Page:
John C. Jr.. Bonnell. Sabres in the Shenandoah: The 21st New York Cavalry: 1863-1866. Shippensburg, Penn.: White Mane Publishing, 1996. xiii + 377 pp. $34.95 (cloth), ISBN 978-1-57249-012-3.
Reviewed by T. L. Beckenbaugh (University of Arkansas, Fayetteville)
Published on H-CivWar (March, 1998)
History never fails to note the spectacular. Be it a brilliant success or crushing defeat, historians are always eager to analyze the hows and whys of the special events. They scrutinize the dramatic to determine what made it unique. In the process, the normal, mundane, and not so spectacular often finds itself exiled by historians to the backwater of historical study. Recent trends, however, have attempted to rescue the minor actions and daily lives of Civil War combatants and civilians from oblivion, and John C. Bonnell's Sabres in the Shenandoah: The 21st New York Cavalry, 1863-1866 falls into this category.
Bonnell's work catalogues the daily activities of the 21st New York's service in the Shenandoah Valley during the final two years of the Civil War and its service in the Colorado Territory before the regiment was mustered out in 1866. It reads almost like an itinerary, and at times Bonnell's exhaustive detail makes for tedious reading. Yet his research is thorough. Bonnell has examined all the major works on the campaigns in the Shenandoah Valley and pertinent primary sources. His four appendices, "The Troy Citizens Corps," "Cavalry Command at the Battle of Piedmont, 5 June 1864," "Gazetteer," and "Regimental and Company Rosters" are impressive and show that Sabres in the Shenandoah was a labor of love for Bonnell. The reader is afforded an in-depth picture of the Union cavalryman in the Valley. The daily regimen of a 21st New York trooper was dominated by boredom and interrupted by short stretches of sheer terror. Looming always in the background was the uneasiness associated with operating in hostile territory. Many 21st New York troopers relaxed their vigilance only to be killed or captured by one of the guerrilla bands that operated in the Shenandoah. In short, laxity was a luxury the Union cavalry could not afford.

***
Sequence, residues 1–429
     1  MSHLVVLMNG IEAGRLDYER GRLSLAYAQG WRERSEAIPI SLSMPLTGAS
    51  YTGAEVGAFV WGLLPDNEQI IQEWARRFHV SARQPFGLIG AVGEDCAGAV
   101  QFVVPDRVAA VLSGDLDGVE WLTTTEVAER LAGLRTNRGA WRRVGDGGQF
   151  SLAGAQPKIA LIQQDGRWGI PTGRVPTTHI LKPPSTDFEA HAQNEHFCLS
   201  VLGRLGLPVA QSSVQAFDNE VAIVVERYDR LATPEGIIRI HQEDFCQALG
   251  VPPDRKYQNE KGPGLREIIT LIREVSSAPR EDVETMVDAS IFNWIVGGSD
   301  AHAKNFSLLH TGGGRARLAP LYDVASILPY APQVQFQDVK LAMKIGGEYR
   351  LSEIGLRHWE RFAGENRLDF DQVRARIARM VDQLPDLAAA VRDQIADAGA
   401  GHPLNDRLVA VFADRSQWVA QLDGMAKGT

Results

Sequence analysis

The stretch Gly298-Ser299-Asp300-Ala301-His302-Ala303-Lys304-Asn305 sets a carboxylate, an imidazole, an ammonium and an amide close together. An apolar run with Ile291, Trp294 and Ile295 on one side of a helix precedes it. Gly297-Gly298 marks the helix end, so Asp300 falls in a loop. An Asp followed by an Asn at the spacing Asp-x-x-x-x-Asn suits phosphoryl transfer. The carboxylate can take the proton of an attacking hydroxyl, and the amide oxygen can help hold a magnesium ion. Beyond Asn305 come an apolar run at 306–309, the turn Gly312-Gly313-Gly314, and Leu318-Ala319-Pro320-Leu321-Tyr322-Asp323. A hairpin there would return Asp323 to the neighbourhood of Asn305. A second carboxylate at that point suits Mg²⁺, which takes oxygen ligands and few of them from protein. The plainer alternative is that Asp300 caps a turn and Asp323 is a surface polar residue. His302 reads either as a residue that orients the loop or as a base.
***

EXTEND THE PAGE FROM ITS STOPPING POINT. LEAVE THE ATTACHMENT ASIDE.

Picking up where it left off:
Yet for all the detail given, Bonnell misses a golden opportunity to allow the troopers of the 21st New York to tell their own story. For example, when speaking of some green troopers, Bonnell states, "The details that were sent out on picket that night for the first time in enemy country would never forget their experiences and the images brought forth by their imaginations" (p. 18). But what were some of those images? The end notes identifies Chauncey S. Norton's _The Red Neck Ties, or History of the Fifteenth New York Volunteer Cavalry (Ithaca, NY, 1891) as the source for this episode, and the reader cannot help but wonder if Norton does not say more about it. Similar instances throughout the work leave the reader wanting to hear directly from these cavalrymen, to learn not only what they have to say, but what they saw, smelled, and thought.